Judicial appointments, and academics – a footnote

Academic Mortar Board via https://pixabay.com/en/graduation-cap-hat-achievement-309661/ and Judicial Wig via https://en.wikipedia.org/wiki/Court_dress#/media/File:Legal_wigs_today.jpgLord Neuberger, President of the Supreme Court of the United Kingdom gave an address (pdf) to the International Council of Advocates at the World Bar Conference in Edinburgh recently. Given the occasion, Neuberger was mostly concerned with the role of advocates; but he did also mention the inter-relationship between bench and bar; and he made a very interesting observation about judicial diversity, in particular about the desirability of recruiting judges from academia or government.

Here are some extracts (emphasis added):

3. An honest, expert, respected, and independent judiciary is now generally accepted as being an essential ingredient of the rule of law, which is one of the two main constitutional pillars of an properly ethical and commercially successful society (the other pillar being democratic government). …

6. I believe that the system that it exists in the countries represented here today, Zimbabwe, Wales, South Africa, Scotland, Northern Ireland, New Zealand, Namibia, Ireland, Hong Kong, England or Australia, is one which we have every reason to feel proud of. Not only does each of us have a strong and independent judiciary and a strong and independent legal profession, but we each have a system which ensures that the two groups, judges and lawyers, understand each other. A late-entry judiciary consisting mostly of people who have been practising lawyers is a great advantage. It means that our judges have experience and understanding of the other side of the courtroom, with all the pressures of legal practice, and it also means that our judges have some direct experience and understanding of the real world (if there is such a thing) outside the courtroom.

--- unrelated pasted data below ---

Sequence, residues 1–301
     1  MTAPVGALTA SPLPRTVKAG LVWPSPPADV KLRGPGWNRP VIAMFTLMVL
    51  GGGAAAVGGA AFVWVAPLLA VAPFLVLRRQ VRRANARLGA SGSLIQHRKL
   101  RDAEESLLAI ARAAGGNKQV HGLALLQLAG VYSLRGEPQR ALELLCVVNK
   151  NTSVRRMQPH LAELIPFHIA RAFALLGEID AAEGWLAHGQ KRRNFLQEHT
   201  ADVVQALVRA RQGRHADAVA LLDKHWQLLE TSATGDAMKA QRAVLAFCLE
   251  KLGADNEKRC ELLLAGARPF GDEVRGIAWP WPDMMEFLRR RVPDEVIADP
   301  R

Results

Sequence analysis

7. That is not to say that I am against recruiting judges from other areas, such as academia or government. On the contrary, I think that limiting judicial recruitment at any level to former practitioners is positively to be discouraged. Diversity is always an important aim, and it should not be limited to the familiar categories, such as ethnic origin and gender. Diversity in social, educational, and professional backgrounds is every bit as vital. …

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